With his distinctive raspy voice, Stewart came to prominence in the late 1960s and early '70s with The Jeff Beck Group and then Faces. He launched his solo career in 1969 with his debut album An Old Raincoat Won't Ever Let You Down (US: The Rod Stewart Album). His work with The Jeff Beck Group and The Faces proved to be influential on the formation of the heavy metal and punk rock genres, respectively. Both bands were also pioneers of blues-rock. With his career in its fifth decade, Stewart has achieved numerous solo hit singles worldwide, most notably in the UK, where he has garnered six consecutive number one albums and his tally of 62 hit singles include 31 that reached the top 10, six of which gained the number one position. He has also had 16 top ten singles in the USA, with four of these reaching number one. His most-known solo hit singles are "Maggie May", "You Wear It Well", "Sailing", "Tonight's the Night (Gonna Be Alright)", "Hot Legs", "Da Ya Think I'm Sexy?", "Forever Young" and "Rhythm of My Heart." Stewart's album and single sales total more than 100 million, earning him a place on the list of best-selling music artists.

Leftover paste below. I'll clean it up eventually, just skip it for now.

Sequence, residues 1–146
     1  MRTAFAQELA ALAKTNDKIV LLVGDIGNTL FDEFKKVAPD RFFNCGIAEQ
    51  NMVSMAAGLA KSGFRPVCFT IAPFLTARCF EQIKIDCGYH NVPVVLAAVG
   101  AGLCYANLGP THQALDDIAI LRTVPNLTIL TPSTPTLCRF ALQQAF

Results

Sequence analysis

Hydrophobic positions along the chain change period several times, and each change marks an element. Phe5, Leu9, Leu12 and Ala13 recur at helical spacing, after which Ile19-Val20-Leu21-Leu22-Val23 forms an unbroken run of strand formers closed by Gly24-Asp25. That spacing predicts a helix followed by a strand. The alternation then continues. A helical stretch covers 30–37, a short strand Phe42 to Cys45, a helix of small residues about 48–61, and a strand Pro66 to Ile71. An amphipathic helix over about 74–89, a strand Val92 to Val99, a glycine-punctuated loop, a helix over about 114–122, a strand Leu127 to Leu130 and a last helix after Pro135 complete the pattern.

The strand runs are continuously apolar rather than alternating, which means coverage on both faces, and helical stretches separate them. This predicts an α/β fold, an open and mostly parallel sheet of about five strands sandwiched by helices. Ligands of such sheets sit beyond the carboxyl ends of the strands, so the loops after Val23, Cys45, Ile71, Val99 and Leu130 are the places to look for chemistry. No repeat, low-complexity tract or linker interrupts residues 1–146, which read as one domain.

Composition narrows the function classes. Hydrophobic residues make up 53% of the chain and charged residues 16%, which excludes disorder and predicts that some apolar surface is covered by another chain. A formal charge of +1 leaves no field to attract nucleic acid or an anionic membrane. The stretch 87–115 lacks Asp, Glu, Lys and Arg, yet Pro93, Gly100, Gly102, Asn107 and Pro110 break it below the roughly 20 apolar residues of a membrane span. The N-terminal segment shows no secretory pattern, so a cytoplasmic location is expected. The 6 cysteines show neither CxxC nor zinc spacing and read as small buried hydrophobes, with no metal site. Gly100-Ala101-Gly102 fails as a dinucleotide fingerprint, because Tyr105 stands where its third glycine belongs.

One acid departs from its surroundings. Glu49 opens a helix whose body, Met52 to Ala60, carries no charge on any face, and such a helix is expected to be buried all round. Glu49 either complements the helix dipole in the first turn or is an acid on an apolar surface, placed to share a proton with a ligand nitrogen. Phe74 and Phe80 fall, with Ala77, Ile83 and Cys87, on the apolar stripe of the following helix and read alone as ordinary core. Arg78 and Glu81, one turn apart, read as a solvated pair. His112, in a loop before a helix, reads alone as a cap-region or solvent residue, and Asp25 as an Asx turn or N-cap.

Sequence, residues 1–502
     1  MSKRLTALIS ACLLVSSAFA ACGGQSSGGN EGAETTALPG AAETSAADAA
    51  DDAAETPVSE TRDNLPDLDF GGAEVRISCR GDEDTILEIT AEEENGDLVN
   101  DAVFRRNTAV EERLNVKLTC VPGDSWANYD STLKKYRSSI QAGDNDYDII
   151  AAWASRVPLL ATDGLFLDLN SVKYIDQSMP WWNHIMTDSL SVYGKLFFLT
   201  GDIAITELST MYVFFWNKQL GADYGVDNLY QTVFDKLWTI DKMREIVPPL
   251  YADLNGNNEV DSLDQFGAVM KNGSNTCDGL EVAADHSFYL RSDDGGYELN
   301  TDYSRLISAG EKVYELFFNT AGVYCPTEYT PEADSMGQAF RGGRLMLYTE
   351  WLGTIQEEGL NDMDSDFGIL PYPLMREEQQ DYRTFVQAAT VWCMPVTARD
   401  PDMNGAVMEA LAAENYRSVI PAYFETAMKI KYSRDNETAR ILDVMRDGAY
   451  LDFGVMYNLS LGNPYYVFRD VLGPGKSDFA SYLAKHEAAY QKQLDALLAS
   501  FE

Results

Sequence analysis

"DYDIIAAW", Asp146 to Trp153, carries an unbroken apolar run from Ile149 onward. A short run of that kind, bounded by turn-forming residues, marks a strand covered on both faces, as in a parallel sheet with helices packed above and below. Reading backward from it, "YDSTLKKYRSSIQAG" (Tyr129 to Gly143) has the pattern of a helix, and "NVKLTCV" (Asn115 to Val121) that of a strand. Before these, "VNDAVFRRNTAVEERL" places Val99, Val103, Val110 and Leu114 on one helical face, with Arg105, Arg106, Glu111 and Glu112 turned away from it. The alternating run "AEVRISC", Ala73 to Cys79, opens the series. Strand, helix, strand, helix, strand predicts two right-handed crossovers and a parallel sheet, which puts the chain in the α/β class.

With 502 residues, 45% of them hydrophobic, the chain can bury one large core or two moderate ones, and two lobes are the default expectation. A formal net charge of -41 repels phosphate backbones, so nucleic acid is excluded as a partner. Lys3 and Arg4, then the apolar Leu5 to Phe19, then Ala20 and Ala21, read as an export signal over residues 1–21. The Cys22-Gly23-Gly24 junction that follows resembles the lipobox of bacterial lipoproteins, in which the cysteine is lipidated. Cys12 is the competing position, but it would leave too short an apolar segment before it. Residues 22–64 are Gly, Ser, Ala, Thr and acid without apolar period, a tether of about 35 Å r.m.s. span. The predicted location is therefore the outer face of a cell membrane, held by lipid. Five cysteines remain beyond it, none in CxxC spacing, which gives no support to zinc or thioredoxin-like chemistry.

Rod Stewart's various incarnations--Rod the Mod, Rod the Rocker, Rod the Crooner, and so on--are on display on Live at Royal Albert Hall. In what amounts to a 90-minute singalong with his adoring fans, the raw-voiced singer (now huskier than ever) reprises selections from throughout his long and fruitful career, from his early '70s solo albums, including the best of the lot, 1971's Every Picture Tells a Story, through his surprisingly skillful (and successful) new millennium emergence as an interpreter of the Great American Songbook. Despite his having released three CDs of standards by the time of this good-looking, great-sounding concert, only five of the 17 tunes come from them, including a version of "As Time Goes By" with Chrissie Hynde of the Pretenders (lush orchestration notwithstanding, there's no disguising the fact that both singers are more at home singing rock or pop than jazz, big band, or cabaret material). Much more emphasis is put on early Stewart material like "You Wear It Well," "Reason to Believe," and "Maggie May," songs that were and are beautifully limned by acoustic guitars, violin, and mandolin. Good buddy, former bandmate (in the Faces and the Jeff Beck Group), and current Rolling Stone Ron Wood plays guitar on a couple of numbers (including a raucous "Stay with Me"), and while Stewart does insist on giving "Hot Legs" a spin, at the age of 59 he at least has the good sense to keep "Do Ya Think I'm Sexy" under wraps. A brief tour documentary is the principal DVD bonus feature. --Sam Graham